In terms of the stock market, until the Fed changes its mind, all sharp corrections have to be viewed as buying opportunities, and backbreaking corrections have to be placed in the category of “once in a lifetime events”, provided of course the trend is positive. That is what we are here for; to inform you if the trend is positive (Up) or negative (down). The world is going to witness a Fed that has decided to make a cocktail of Coke, Heroin, Crack and Meth and take it all in one shot. Imagine what a junkie on this combination of potent drugs is capable of doing, and you will have an idea of where the Fed is heading in the years to come. Market Update Feb 28, 2019

Courtesy of Tactical Investor

 

Random views on QE

Quantitative Easing definition?

Quantitative easing is an unconventional monetary policy in which a central bank purchases government securities or other securities from the market in order to increase the money supply and encourage lending and investment. When short-term interest rates are at or approaching zero, normal open market operations, which target interest rates, are no longer effective, so instead a central bank can target specified amounts of assets to purchase. Quantitative easing increases the money supply by purchasing assets with newly created bank reserves in order to provide banks with more liquidity.

KEY TAKEAWAYS

  • Quantitative easing, or “QE,” is the name for a strategy that a central bank can use to increase the domestic money supply.
  • QE is usually used when interest rates are already near 0 percent and can be focused on the purchase of government bonds from banks.
  • QE programs were widely used following the 2008 financial crisis, although some central banks, like the Bank of Japan, had been using QE for several years prior to the financial crisis. Full Story

Quantitative Easing Explained

Quantitative easing is a massive expansion of the open market operations of a central bank. It’s used to stimulate the economy by making it easier for businesses to borrow money. The bank buys securities from its member banks to add liquidity to capital markets. This has the same effect as increasing the money supply. In return, the central bank issues credit to the banks’ reserves to buy the securities.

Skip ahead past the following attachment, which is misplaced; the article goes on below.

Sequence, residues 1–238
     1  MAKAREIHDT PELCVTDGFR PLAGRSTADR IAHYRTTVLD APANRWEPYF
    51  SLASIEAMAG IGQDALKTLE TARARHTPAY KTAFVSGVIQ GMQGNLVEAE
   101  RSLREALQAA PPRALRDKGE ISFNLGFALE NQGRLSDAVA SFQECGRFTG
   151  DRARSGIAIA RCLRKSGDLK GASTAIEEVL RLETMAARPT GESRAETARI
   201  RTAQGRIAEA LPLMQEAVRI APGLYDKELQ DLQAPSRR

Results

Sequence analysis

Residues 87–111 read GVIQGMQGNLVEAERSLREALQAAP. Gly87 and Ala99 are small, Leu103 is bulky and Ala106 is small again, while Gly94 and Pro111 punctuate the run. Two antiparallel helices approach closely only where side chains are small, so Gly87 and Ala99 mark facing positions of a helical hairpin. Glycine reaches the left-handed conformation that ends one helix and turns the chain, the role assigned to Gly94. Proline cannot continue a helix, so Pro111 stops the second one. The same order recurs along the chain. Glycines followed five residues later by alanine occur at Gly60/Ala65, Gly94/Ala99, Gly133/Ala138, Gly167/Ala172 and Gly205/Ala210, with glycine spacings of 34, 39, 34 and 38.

Where do central banks get the credit to purchase these assets? They simply create it out of thin air. Only central banks have this unique power. This is what people are referring to when they talk about the Federal Reserve “printing money.”
Lower interest rates allow banks to make more loans. Bank loans stimulate demand by giving businesses money to expand. They give shoppers credit to purchase more goods and services.

By increasing the money supply, QE keeps the value of the country’s currency low. This makes the country’s stocks more attractive to foreign investors. It also makes exports cheaper.

Japan was the first to use QE from 2001 to 2006. It restarted in 2012, with the election of Shinzo Abe as Prime Minister. He promised reforms for Japan’s economy with his three-arrow program, “Abenomics.”
The U.S. Federal Reserve undertook the most successful QE effort. It added almost $2 trillion to the money supply. That’s the largest expansion from any economic stimulus program in history. Full Story

 

Why do we need quantitative easing?

The aim of QE is simple: by creating this ‘new’ money, we aim to boost spending and investment in the economy.
We are tasked with keeping inflation – rises in the prices of goods and services – low and stable.

The normal way we meet our inflation target is by changing Bank Rate, a key interest rate in the economy.

When the global recession took hold in late 2008, we quickly lowered Bank Rate from 5% to 0.5% to support the UK’s economic recovery. Lower interest rates mean it’s cheaper for households and businesses to borrow money – which encourages them to spend and invest, whether that’s a family buying a new car or a company wanting to build a new factory.

But there’s a limit to how low interest rates can go. So when we needed to act to boost the economy, we turned to another method of doing so: we introduced quantitative easing. Full Story